Julius Caesar's Invasion of Britain

55 BC

Julius Caesar - Roman Governor of Gaul - Invaded Britain in 55BC and 54BC
In 55 B.C. Julius Caesar, commander of the Roman armies in Gaul, thought that it would improve his political image to invade Britain. The Celts in Gaul had been aided in their struggle against the Romans by the Celts in south eastern Britain and removing this source of help would be a benefit to the Romans in their operations to secure Gaul.
On August 26, 55 BC, Caesar set off from Portus Itius (Boulogne) with two Roman Legions (totalling about 10,000 soldiers). The next morning the Roman ships approached the cliffs of Dover, which were lined with British warriors ready to fight. Caesar decided to avoid these Celts, sailed several miles further northeast and landed on the flat, pebbled shore around Deal.
Roman Galley - powered by rows of oars operated mainly by professional sailors not slaves
There were some minor skirmishes at the beach and four days later ships carrying a group of Roman cavalry were forced to return to France by a storm. The same storm seriously damaged the ships at Deal making the Roman legionnaires focus on repairing them.
During this time the Romans conducted some reconnaissance further inland and reported an abundance of grain crops and a large population.
Having no cavalry impaired Caesar's ability to conduct any large scale actions and after the ships were repaired Caesar ordered the Romans to return to Gaul.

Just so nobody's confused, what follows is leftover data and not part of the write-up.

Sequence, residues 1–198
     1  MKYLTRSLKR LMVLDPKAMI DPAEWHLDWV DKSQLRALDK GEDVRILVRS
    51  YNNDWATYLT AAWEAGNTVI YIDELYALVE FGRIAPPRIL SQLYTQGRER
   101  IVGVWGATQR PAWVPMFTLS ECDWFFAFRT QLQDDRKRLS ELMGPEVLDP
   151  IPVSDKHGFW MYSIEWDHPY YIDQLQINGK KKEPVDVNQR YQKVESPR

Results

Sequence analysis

54 BC

The next year Caesar organised a second, much larger expedition consisting of five legions and 2000 auxiliary cavalry transported using a fleet of around 800 ships. Sailing from Boulogne they once again landed near Deal on the morning of July 6th.
Roman Invasion fleet - Julius Caesar needed a fleet of 800 ships to carry his invasion force in 54 BC
The Celts withdrew in the face of such a large army and were pursued by the Romans to the Stour river, 12 miles inland. On the 8th July the Romans easily routed a force of Celts at a ford across the Stour near modern Canterbury. The Celts retreated once again, this time to a hill fort at Bigbury. The Romans were initially repulsed but after filling in the outer ditch and constructing a ramp they succeeded in capturing the fort.
Once again there was bad news for the Romans; the previous night a storm had wrecked most of the ships. The Legions were required to return and spend ten days building a defensive fort around the landing beach so that the ships could be repaired in relative security.
During this time the Celts re-organised and appointed a single leader, Cassivellaunus, chief of the Catuvellauni tribe.. The Romans won another battle at the Stour river and then chased the Celts north over the Thames.
At this point some of the Celtic tribes changed sides and informed Caesar that Cassivellaunus was located at a hill fort near Wheathampstead. With the Romans fast approaching his base Cassivellaunus ordered his loyal Celts to attack the Roman fort at Deal. The attack failed and Cassivellaunus surrendered to Caesar.
Caesar had been informed of mounting problems back in Gaul and wanted to return as soon as possible so his terms were lenient; the Celts were to pay an annual tribute to Rome - which, not surprisingly, never actually got paid!
The Romans left Britain in September and were not to return for another 97 years.